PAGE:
INHOPE | Webinar Recap: CSAM and the dark web - tracking new trends through blockchain analysis
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Webinar Recap: CSAM and the dark web - tracking new trends through blockchain analysis

On the 9th of March, we welcomed 118 attendees to kick off our first Expert Insights webinar of this year with the topic: “CSAM and the dark web: tracking new trends through blockchain analysis."

The session was held by TRM Labs, a blockchain intelligence company working with public sector agencies and private sector companies to detect and combat crypto-related crime. Carolina Christofoletti, Threat Intelligence Researcher at TRM Labs, specialises in Child Sexual Abuse Material (CSAM) threats, specifically using cryptocurrencies and blockchain-based services that enable illicit activity. During her presentation, she outlined three emerging trends recently identified within the landscape of CSAM and cryptocurrency.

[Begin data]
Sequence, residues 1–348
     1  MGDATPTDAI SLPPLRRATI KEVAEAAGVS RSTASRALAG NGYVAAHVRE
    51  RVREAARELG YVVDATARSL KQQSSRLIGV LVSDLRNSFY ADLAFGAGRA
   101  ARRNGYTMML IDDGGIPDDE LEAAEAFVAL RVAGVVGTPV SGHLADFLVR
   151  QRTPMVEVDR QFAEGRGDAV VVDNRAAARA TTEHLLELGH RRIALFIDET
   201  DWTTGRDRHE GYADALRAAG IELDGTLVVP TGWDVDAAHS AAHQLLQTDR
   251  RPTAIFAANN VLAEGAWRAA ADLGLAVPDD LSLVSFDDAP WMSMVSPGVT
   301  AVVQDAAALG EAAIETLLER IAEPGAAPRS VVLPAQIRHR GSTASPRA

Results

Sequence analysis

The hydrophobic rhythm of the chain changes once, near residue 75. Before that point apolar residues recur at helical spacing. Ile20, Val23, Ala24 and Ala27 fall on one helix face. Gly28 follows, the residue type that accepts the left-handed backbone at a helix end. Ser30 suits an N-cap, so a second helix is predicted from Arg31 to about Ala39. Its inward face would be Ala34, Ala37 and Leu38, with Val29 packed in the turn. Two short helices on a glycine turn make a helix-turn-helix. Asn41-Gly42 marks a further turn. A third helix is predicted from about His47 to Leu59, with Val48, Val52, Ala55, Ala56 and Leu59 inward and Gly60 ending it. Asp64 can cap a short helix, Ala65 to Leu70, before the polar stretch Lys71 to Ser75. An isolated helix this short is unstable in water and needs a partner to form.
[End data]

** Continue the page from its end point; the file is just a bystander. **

CSAM and Cryptocurrencies

Cryptocurrencies have become a prevalent method for CSAM actors to sell and fund abuse and exploitation material. Over the last year alone, TRM Labs identified over 3.5 million dollars sent to CSAM-related addresses. According to Carolina, most transactions are direct purchases of CSAM from a vendor, but there are also other ways in which cryptocurrencies are being deployed in the CSAM trade landscape. "There are cases in which CSAM criminals donate cryptocurrencies to dark web scam forums to support the dark web administrators to finance their servers," she elaborated. In some cases, cryptocurrencies are also being sent as donations to uploaders who make files of abuse material available for free on the dark web.

Trend 1: CSAM Threat-Actor Networks